This section is from the book "A Manual Of Pathology", by Guthrie McConnell. Also available from Amazon: A Manual Of Pathology.
The most common deformities are cleft palate and hare-lip. The former results from a failure of closure of the hard palate and is usually to one side of the mid-line. Hare-lip is the result of failure of union between the superior and premaxillary bones. May be single or double. The tongue may be either unusually large or small. Lack of development of the symphyses of the lower jaw sometimes occurs.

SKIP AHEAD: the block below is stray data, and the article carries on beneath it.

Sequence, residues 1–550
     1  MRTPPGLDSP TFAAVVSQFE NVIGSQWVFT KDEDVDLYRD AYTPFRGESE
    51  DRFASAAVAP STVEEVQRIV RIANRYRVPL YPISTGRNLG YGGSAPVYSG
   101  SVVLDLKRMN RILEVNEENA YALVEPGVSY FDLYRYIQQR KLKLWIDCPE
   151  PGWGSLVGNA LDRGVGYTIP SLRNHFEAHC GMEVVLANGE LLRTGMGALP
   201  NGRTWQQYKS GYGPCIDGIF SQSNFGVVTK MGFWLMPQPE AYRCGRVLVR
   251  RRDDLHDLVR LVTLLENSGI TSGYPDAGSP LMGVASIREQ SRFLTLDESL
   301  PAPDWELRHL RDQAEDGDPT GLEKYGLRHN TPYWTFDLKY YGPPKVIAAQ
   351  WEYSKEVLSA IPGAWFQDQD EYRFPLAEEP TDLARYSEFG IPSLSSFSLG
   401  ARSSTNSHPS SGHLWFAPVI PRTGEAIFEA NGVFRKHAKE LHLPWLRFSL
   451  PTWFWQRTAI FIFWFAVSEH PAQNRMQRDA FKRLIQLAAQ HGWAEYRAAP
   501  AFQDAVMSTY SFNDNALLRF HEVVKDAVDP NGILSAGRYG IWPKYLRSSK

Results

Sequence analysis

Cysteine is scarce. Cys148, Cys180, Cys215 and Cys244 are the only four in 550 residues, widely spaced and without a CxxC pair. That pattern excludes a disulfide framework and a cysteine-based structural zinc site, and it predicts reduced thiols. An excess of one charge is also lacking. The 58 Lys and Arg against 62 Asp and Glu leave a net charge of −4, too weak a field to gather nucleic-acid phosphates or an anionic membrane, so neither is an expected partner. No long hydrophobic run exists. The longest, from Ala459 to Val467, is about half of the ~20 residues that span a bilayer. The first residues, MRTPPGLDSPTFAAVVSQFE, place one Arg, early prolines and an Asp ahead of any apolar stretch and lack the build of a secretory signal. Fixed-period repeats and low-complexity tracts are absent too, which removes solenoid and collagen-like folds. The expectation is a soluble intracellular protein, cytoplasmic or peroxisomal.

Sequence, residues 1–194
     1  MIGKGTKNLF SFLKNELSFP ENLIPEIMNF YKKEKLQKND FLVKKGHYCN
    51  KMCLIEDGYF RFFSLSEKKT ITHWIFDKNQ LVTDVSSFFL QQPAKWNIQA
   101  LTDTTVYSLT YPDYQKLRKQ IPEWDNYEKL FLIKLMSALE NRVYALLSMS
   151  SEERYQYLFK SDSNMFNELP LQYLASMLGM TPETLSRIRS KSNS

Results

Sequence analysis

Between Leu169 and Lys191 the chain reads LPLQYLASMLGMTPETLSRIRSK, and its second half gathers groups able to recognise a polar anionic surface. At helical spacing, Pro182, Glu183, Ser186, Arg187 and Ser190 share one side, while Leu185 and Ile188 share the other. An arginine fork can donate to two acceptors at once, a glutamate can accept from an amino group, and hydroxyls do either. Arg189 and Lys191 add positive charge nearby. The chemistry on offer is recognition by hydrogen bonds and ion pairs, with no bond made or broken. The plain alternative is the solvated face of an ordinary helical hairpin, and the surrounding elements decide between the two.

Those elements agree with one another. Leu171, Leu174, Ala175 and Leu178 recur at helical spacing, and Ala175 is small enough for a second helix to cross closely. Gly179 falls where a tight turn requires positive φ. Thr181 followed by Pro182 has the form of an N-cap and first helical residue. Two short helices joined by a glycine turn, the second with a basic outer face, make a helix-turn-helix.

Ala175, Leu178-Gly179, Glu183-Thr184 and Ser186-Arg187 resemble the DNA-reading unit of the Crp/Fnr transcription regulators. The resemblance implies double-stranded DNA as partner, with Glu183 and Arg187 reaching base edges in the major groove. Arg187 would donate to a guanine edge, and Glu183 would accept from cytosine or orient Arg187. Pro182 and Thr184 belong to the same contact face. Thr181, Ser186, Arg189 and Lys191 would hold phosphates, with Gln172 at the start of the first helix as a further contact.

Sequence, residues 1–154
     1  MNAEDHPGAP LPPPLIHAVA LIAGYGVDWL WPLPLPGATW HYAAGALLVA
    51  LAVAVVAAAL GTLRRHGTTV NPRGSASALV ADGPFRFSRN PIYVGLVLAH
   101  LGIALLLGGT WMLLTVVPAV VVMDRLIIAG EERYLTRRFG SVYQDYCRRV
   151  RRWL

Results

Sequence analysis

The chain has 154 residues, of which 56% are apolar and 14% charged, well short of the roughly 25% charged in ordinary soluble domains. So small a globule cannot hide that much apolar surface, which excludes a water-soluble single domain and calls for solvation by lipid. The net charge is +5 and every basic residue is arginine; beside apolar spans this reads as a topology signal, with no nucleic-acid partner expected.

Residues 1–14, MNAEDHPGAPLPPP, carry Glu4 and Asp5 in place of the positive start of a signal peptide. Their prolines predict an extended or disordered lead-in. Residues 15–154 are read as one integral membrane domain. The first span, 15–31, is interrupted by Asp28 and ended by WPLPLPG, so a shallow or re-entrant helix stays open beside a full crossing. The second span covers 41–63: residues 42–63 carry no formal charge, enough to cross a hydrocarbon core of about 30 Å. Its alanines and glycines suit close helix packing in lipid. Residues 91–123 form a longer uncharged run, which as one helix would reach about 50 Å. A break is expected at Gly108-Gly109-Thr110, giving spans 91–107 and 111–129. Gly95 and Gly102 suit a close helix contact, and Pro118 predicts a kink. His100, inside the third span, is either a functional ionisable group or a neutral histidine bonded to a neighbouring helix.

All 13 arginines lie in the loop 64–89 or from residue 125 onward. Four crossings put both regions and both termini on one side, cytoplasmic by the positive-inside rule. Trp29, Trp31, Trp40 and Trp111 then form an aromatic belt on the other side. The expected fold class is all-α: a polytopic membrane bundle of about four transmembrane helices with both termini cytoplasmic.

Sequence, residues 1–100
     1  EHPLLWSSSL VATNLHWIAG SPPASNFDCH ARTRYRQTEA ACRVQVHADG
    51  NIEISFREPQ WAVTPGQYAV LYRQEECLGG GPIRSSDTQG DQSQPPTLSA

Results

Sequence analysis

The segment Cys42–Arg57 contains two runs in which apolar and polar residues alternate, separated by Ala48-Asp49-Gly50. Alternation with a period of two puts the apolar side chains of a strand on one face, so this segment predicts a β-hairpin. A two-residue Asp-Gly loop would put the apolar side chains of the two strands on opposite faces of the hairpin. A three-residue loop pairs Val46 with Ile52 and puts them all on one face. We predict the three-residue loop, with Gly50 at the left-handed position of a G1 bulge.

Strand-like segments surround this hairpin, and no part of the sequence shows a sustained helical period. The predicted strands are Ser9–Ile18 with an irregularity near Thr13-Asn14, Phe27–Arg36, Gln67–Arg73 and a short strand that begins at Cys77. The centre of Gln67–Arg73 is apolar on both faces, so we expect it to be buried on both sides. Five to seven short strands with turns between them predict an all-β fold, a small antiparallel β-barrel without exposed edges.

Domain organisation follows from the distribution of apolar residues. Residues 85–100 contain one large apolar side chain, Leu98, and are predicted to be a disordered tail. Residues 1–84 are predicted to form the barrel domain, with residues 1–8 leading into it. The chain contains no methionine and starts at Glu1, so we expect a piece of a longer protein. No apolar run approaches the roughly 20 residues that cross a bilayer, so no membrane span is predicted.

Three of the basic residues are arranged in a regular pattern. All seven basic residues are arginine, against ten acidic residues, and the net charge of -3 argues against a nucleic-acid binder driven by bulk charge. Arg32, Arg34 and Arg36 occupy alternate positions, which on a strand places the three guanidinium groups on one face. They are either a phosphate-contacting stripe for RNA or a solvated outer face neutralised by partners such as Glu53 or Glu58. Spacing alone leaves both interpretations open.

The lips may be the seat of ulcers and fissures and sometimes of a chronic inflammation with thickening.
Anemia of the mucous membranes of the mouth and lips is commonly seen in cases of general anemia and is a well recognized symptom.
Active hyperemia is found in inflammations and as an early symptom in certain infectious diseases. Passive hyperemia occurs in the general congestion of chronic lung and heart disease. Actual bleeding is found in scurvy and purpura and sometimes in the infectious fevers.